Most parents would agree you shouldn't lie to your kids — but lying about them doesn't seem to be as clear-cut. “I did it,” confesses Michele Sileo, a mom of two from Staten Island, New York. “I lied about my daughter's age. The fact that she was potty-trained at 18 months seemed to make other moms uncomfortable, so when they asked how old she was I'd say, ‘Oh, she's 2.’”
Far more common than the little white mommy lie is the tall tale told to make you (or your baby) look better. First-time mom Angela Deniston of Cincinnati has found herself exaggerating her robust 7-month-old's age to thwart unwanted comments about his size. “He's so cute, he should be a plus-size baby model!” she says.
What may feel like harmless truth-stretching can have more serious consequences down the line, insists Christine Carter Ph.D., a sociologist at the Greater Good Science Center at UC Berkeley and the author of Raising Happiness. “We know there is a correlation between parents who tell white lies and kids who cheat,” Carter explains. “Obviously your baby isn't cheating now, but you have to think about going forward. These are not small lies; you're misrepresenting who your child is on a fundamental level.”
Moms admit to fudging their babies' ages in both directions, suggesting Junior is younger to excuse their own lingering pregnancy weight or wanting him to appear older to defend going back to work. “I nursed my daughter for the first six weeks, and it was a struggle,” admits Kelly Roland (not her real name) of Los Angeles. “When it was time to go back to work, I tried pumping, but I travel so much for my job, it just wasn't working. I was stressed, so I switched to formula. I felt guilty and always thought other moms were judging me. I would say things like ‘Oh, she just weaned herself naturally after about six months.’”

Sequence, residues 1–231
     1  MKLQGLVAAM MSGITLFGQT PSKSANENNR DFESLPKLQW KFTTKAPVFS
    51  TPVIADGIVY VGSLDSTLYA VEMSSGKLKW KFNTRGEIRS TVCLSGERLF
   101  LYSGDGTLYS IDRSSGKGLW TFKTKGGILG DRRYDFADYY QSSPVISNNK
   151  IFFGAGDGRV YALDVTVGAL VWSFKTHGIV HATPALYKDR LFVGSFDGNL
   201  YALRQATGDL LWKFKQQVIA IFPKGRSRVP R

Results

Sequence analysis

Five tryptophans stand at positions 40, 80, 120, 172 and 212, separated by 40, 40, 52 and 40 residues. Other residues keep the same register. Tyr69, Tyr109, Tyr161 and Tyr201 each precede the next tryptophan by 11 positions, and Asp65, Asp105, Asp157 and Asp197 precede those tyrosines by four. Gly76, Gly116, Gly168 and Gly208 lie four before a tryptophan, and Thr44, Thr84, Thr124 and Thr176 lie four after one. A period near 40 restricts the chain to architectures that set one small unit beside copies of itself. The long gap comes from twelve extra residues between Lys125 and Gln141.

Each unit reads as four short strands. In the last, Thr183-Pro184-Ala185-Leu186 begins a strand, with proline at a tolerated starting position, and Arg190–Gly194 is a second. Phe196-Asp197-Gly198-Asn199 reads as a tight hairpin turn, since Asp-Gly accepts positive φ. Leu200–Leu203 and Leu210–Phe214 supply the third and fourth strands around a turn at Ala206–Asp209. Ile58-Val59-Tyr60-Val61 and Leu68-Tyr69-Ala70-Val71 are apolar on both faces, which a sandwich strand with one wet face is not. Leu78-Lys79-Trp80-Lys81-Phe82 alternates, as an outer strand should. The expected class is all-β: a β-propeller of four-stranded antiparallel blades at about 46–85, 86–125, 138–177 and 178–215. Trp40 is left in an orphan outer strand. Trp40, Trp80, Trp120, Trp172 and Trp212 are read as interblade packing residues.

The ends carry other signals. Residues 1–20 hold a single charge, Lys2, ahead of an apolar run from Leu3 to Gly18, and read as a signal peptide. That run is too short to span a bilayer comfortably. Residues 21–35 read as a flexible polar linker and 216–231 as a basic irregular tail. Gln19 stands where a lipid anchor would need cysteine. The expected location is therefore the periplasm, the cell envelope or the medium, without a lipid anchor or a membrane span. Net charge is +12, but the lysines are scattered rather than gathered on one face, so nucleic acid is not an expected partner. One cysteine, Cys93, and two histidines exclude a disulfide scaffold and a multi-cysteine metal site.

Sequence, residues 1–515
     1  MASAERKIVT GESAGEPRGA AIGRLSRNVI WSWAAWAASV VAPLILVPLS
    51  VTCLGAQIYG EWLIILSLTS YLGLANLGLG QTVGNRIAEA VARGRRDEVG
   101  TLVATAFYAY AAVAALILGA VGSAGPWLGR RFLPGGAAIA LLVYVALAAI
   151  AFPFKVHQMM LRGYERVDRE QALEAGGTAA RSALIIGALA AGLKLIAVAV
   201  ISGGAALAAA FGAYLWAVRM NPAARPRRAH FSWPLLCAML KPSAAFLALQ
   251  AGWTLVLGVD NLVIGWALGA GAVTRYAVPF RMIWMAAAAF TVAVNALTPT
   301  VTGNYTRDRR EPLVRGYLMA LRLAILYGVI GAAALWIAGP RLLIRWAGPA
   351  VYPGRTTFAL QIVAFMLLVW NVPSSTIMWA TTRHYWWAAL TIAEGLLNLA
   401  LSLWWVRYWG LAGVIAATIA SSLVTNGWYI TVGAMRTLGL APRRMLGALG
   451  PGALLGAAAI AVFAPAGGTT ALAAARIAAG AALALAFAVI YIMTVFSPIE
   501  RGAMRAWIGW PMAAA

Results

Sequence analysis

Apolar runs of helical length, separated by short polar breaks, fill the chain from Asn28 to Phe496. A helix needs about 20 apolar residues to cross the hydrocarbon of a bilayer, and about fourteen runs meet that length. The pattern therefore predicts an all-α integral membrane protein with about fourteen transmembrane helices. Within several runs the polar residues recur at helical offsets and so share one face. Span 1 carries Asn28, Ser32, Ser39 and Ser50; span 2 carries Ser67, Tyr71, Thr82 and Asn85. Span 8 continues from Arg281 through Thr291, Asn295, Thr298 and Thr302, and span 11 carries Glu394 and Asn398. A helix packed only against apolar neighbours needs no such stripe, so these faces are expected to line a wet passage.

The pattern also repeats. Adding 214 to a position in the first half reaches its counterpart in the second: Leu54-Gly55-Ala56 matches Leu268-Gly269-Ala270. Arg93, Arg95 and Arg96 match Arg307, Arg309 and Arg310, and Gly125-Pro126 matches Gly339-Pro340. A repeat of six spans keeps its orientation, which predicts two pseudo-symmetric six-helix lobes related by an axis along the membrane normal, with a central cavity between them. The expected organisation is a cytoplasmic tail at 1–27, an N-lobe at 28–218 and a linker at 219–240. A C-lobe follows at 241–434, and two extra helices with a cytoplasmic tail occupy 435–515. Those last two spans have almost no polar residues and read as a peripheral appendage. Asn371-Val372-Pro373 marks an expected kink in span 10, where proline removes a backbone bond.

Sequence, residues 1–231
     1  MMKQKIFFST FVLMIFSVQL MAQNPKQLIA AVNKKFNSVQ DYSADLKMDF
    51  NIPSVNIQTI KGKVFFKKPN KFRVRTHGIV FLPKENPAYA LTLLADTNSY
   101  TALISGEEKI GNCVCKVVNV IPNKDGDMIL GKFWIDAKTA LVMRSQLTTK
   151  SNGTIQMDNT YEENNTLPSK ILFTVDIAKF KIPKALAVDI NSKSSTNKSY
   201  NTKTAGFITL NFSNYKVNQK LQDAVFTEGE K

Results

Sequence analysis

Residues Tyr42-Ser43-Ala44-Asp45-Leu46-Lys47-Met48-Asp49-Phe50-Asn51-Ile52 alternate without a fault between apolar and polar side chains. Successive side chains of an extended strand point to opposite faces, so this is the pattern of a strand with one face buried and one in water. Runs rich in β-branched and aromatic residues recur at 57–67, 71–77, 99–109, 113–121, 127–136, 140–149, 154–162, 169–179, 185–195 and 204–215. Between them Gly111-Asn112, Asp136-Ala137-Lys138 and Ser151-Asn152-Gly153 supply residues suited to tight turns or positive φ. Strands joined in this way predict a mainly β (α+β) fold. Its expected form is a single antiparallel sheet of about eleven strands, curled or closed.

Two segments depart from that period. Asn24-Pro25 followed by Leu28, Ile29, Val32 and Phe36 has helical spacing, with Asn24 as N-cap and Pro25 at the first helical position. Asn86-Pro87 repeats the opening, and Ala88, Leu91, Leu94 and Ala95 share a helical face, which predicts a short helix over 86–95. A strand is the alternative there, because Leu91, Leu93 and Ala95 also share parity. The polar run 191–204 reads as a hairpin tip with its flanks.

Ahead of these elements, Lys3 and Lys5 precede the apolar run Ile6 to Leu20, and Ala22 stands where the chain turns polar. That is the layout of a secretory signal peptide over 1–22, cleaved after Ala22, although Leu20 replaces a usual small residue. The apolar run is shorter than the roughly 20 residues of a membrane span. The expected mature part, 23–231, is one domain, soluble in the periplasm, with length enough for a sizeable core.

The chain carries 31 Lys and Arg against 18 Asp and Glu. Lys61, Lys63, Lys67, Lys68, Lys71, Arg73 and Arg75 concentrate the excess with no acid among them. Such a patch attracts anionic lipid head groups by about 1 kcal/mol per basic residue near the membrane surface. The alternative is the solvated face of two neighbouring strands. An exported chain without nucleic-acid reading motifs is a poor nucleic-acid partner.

You can always justify your dishonesty, but “lying is a slippery slope; you fib a little, then a little more,” Carter says. “The message you're teaching your kids is that the end result is more important than your actions.”
Carter insists that the path to true enlightenment starts with challenging your assumptions: Are you positive people would think more highly of you if you lost 10 more pounds? “You have to look at all of the alternatives,” Carter insists. “Could you tell other moms about the great potty-training book you read? The more you act with integrity, the happier you and your baby will be in the long run.”